When it comes to divorce, one of the most contentious issues that may arise is that of property division. While it may prove to be relatively simple to decide who gets the china and who gets the crystal, items of more significant monetary value may prompt heated arguments and general acrimony. When it comes to something as important as a life insurance policy, how would a couple going through divorce in California determine whether this constitutes as community property?
In 2004, Frankie Valli, former lead singer of 60s pop group The Four Seasons, separated from his wife of 20 years, Randy Valli, and they subsequently divorced. There has been an ongoing dispute between the couple over a $3.75 million insurance policy on the singer’s life, which he took out in his wife’s name a year before they separated. At the time the policy came into being, he stated that his wife would be the sole owner and beneficiary.
During the divorce proceedings, a judge in Los Angeles County ruled that, since the policy had been obtained using money from a joint checking account, it was community property. He assigned ownership to Valli, on condition that Valli pay his ex-wife $182,500 for her share. A Court of Appeal found in favor of Randy Valli, but a Supreme Court recently overturned that ruling.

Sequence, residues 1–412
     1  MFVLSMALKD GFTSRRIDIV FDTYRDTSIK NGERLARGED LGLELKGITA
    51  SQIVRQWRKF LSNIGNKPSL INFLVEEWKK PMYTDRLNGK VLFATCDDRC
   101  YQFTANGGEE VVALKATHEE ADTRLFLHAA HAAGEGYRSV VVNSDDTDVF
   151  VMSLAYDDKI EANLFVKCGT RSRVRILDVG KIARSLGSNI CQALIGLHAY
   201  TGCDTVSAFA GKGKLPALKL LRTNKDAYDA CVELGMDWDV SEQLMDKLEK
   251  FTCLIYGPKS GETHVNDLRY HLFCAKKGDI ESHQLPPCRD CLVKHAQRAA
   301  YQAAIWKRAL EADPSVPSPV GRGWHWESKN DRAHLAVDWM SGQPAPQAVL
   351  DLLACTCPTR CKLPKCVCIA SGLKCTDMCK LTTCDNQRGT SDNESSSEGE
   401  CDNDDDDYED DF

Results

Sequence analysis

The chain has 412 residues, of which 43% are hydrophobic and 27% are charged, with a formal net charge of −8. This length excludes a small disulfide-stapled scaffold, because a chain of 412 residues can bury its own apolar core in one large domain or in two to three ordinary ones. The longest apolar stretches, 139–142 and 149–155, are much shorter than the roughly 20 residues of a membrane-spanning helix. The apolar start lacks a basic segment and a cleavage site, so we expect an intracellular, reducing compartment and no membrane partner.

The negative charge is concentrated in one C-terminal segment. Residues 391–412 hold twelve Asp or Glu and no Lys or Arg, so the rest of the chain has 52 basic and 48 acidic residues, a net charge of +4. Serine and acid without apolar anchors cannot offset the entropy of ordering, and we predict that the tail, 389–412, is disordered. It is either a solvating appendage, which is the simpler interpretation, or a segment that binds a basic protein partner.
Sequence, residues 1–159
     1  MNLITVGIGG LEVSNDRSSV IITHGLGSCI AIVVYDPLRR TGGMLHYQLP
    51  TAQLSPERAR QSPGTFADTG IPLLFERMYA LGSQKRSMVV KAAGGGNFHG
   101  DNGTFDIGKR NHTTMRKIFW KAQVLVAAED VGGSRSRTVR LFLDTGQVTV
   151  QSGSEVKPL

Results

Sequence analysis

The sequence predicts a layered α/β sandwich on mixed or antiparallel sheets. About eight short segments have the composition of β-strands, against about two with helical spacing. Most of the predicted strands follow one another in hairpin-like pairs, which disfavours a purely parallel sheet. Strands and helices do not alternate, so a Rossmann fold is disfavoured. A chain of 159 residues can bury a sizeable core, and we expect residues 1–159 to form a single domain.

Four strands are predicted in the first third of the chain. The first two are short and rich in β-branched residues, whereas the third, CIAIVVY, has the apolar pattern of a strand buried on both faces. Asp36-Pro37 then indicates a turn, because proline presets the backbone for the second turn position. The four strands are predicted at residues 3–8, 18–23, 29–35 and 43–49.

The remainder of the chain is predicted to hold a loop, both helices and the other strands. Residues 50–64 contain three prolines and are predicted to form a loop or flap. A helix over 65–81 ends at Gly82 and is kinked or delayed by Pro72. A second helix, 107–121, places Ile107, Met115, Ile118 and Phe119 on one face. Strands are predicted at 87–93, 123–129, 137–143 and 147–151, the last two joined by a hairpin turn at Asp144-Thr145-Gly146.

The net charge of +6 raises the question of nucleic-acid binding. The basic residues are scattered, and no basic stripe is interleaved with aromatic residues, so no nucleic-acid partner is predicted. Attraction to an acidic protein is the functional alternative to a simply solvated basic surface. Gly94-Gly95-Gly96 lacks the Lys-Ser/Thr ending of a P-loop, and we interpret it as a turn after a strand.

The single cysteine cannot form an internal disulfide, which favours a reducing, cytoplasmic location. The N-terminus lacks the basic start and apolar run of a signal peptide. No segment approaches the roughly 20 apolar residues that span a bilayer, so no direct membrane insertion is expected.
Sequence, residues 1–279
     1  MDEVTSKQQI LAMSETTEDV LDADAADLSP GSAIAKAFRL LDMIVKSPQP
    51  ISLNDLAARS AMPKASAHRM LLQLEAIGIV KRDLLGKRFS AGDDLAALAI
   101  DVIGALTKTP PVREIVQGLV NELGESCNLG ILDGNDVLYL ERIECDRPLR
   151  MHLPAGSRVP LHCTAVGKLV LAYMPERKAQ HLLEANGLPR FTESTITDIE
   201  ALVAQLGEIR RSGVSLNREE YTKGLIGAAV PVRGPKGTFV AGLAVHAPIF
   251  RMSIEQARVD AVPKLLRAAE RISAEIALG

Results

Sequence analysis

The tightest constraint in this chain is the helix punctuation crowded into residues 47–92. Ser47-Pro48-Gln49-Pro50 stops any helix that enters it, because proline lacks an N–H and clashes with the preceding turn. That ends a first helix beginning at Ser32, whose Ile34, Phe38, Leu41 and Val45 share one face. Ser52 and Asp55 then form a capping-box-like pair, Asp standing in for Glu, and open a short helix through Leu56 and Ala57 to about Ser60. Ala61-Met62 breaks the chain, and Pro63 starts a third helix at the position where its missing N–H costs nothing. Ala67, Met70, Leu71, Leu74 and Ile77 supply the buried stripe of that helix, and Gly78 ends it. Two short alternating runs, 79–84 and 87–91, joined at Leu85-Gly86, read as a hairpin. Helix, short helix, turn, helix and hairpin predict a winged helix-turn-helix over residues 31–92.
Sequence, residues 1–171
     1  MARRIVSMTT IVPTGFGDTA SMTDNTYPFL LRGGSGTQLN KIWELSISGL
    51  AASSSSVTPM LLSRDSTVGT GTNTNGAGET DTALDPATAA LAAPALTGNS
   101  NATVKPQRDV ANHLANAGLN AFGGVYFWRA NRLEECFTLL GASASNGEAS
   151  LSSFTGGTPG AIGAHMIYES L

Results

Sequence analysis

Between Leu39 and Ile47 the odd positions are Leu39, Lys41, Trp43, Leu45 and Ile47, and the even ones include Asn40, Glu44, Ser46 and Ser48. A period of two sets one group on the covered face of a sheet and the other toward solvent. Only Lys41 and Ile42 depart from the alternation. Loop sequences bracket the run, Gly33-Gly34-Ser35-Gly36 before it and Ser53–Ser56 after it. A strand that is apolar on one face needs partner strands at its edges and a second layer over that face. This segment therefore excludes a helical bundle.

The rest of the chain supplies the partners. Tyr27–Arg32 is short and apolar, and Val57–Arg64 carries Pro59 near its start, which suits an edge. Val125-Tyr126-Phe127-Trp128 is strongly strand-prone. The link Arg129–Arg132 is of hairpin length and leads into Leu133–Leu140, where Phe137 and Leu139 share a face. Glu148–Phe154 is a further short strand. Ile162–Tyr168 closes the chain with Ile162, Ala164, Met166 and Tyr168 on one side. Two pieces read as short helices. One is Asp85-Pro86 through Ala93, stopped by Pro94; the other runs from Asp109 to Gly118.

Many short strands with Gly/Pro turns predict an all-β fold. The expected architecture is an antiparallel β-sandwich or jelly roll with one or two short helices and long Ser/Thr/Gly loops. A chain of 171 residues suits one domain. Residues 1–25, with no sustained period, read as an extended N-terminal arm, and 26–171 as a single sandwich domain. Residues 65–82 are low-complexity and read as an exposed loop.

A law passed in 1984 states that, for one spouse to relinquish his or her share in the ownership of community property, a written verification must be properly drawn up. While, for most people, the value of such an insurance policy is likely to be significantly less, the principle is still the same. In order for one spouse to safeguard any type of property purchased using joint marital funds, getting such an agreement set down in writing is crucial. If divorce is a subject currently on a California resident’s mind, it may be worth looking into whether such safeguards are in place, and if not, then it may be advisable to obtain appropriate advice and guidance.
Source: sfgate.com, “Frankie Valli wins divorce case in California Supreme Court“, Bob Egelko, May 16, 2014